The centre also has accessible parking that’s been described as “conveniently close to the centre/ slopes - in comparison to other ski centres.” One skier told us “the Blue Badge got us nearer the main part,” And another said that Disability Snowsport UK gave them “advice about areas to ski.” If you’re new to skiing, get in touch with Disability Snowsport before you go!

Sandy beaches

Photo of a boardwalk to the beach.

Surrounded by over 14 miles of sand dunes, Balmedie Country Park is popular for its long sandy beach and barbecue fire stands. We hear it’s a “good place for a breath of fresh air and sunset.”

For wheelchair users, there is a boardwalk for assistance. There are also picnic benches near the “good sized car park,” and a nearby accessible toilet. Watch out for sand drifts on the boardwalks!

Dining in Aberdeenshire

In Aberdeen city centre, there are numerous places to eat and drink. We hear Moonfish Café is particularly good! One user loves the café for its “easily accessible” parking, with “wheelchair accessible buses” being available nearby. The entrance to the café is levelled, with no internal steps. The accessible toilet is well signposted.

Overlooking the historic Stonehaven harbour, The Ship Inn is a great little place to eat freshly-caught seafood! It has “plenty of disabled parking spaces” for those driving along the coast.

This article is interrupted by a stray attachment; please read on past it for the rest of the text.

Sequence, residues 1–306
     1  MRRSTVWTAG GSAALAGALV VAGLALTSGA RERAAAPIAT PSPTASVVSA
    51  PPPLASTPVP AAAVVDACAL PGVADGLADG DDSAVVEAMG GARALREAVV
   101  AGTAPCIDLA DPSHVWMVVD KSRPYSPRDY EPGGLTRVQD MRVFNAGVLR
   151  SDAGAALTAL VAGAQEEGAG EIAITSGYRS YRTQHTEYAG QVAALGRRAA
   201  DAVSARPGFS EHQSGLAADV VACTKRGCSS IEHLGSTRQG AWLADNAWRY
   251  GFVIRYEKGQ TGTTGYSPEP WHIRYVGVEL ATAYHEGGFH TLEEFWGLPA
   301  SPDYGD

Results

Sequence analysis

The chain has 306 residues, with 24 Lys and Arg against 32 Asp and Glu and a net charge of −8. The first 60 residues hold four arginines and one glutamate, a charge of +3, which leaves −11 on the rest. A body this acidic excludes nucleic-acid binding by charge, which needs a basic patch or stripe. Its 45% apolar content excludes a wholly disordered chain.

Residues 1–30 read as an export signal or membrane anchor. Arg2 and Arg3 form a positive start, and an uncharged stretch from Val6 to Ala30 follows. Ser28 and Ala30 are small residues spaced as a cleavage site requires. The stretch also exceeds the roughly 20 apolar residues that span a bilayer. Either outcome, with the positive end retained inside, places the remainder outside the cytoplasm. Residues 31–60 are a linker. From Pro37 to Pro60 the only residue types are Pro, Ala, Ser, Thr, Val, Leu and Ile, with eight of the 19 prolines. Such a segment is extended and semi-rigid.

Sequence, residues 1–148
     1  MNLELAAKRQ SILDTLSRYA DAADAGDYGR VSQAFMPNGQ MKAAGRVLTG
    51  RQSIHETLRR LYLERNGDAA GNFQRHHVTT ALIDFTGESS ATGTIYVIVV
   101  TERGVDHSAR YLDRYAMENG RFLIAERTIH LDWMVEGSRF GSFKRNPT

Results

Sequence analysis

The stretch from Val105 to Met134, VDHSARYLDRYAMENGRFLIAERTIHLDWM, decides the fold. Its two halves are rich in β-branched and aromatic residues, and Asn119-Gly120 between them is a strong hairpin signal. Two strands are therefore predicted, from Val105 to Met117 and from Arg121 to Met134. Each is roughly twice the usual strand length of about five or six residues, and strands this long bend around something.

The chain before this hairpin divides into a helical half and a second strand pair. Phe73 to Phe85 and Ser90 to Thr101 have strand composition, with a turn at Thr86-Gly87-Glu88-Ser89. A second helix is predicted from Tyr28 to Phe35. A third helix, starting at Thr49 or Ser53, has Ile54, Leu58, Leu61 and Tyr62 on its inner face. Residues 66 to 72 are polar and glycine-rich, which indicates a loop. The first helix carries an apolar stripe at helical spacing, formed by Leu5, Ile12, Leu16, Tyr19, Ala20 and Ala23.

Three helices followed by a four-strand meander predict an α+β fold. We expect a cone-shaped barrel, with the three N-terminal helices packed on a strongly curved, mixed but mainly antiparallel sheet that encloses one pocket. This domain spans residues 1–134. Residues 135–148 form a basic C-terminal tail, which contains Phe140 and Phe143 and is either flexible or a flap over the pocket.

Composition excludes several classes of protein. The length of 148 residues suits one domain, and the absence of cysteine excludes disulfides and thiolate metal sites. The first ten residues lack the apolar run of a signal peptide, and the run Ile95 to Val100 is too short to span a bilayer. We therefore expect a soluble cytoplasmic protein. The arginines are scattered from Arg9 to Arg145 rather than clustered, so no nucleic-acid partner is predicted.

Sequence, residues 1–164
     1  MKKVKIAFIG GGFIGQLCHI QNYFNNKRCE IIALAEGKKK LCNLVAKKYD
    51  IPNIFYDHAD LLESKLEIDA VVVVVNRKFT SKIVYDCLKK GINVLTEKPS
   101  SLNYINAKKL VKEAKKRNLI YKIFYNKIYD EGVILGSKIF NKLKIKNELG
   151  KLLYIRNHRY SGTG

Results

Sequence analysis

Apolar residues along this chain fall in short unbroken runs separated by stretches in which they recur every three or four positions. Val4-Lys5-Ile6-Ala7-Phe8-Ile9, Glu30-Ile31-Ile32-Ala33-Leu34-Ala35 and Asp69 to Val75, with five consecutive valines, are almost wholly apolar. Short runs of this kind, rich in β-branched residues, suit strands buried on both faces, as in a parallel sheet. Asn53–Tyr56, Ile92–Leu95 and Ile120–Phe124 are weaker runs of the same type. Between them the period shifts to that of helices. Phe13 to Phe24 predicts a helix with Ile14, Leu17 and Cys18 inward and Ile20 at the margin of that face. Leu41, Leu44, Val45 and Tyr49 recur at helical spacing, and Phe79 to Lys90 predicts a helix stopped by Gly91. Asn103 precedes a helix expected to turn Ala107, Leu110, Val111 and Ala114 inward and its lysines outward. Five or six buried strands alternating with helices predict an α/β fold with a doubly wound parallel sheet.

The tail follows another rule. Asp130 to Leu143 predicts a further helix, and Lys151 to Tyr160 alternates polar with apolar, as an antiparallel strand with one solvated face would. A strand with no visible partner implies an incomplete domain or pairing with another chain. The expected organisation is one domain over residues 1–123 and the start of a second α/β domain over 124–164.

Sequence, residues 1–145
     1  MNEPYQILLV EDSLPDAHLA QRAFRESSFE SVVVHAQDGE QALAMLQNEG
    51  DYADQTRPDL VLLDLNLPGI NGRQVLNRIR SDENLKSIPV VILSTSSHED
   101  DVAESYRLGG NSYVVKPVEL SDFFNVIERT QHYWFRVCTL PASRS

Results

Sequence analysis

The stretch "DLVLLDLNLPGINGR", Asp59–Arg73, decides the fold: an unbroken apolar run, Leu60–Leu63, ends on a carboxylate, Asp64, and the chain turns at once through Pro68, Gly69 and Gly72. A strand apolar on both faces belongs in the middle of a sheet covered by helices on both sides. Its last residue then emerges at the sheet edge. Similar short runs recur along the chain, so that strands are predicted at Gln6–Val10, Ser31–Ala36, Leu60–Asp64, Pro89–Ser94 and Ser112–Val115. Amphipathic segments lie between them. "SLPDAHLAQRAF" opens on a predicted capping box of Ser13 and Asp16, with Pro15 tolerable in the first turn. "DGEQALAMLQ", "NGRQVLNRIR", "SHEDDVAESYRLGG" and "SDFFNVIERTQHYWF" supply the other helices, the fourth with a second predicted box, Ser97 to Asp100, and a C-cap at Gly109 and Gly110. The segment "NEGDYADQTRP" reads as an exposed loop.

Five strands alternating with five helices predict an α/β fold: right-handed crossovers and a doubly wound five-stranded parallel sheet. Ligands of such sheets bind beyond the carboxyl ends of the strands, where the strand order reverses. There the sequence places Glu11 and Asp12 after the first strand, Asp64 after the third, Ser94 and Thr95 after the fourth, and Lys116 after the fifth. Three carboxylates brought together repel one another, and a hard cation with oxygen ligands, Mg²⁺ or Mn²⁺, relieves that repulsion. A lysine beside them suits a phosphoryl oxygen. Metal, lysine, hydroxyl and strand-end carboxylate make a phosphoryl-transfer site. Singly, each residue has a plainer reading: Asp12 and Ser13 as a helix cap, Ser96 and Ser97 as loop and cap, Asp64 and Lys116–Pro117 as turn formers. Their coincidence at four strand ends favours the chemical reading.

The restaurant has level access for wheelchair users, with one visitor noting the “ramp between the restaurant and bar.” The staff have been described as “very helpful and friendly,” and the toilet is a “very good size with good facilities.”

Visited for its numerous historic castles and stone circles, Inverurie is a good place to stop for a coffee or bite to eat. The Acorn Centre is a meeting place for both locals and visitors, as well as functioning as a café. One visitor praised the staff and volunteers for their assistance. The centre has accessible parking, with disabled access to the building clearly signposted.

The Fennel Restaurant in Inverurie is famed for its cocktails and modern European dishes. There is a level access to the entrance, and one user said that the “accessible loo was on the ground level so there was easy access to the toilet.”

Have you been to Aberdeenshire?